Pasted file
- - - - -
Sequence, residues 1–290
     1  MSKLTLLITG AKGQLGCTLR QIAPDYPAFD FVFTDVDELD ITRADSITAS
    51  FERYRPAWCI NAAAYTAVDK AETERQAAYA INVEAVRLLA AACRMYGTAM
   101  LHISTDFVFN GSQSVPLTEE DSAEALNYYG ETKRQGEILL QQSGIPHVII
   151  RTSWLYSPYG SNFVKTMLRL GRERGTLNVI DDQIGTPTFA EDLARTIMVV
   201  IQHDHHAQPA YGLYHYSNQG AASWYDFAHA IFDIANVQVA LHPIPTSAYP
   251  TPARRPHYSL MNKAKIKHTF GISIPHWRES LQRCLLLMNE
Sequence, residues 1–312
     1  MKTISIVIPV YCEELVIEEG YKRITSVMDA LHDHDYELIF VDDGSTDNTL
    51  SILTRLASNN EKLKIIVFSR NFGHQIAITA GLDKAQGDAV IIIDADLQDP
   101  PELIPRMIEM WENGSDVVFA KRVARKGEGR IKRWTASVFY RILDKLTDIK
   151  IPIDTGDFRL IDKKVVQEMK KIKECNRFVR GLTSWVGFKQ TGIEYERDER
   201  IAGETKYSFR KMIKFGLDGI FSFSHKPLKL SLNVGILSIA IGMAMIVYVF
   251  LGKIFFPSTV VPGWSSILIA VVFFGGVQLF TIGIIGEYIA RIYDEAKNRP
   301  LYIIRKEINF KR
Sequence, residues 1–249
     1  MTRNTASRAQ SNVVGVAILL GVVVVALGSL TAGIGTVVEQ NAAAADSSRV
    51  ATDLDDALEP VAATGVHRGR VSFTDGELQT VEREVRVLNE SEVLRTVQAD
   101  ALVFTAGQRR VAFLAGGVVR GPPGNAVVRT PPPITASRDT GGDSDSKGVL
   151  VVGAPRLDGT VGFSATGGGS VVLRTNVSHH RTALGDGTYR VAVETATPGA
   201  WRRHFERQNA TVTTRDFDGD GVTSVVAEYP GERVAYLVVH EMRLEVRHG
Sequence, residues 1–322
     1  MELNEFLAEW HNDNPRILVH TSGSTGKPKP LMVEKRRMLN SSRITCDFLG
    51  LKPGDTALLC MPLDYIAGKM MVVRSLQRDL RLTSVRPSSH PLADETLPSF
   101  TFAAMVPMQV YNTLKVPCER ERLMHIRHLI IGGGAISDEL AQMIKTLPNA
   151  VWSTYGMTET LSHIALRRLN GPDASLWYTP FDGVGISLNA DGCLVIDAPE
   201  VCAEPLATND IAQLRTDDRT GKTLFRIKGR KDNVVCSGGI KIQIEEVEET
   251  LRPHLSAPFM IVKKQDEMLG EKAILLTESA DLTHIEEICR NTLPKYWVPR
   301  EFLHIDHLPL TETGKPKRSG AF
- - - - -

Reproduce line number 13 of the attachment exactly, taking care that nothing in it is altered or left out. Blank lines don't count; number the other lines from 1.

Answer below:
   201  IAGETKYSFR KMIKFGLDGI FSFSHKPLKL SLNVGILSIA IGMAMIVYVF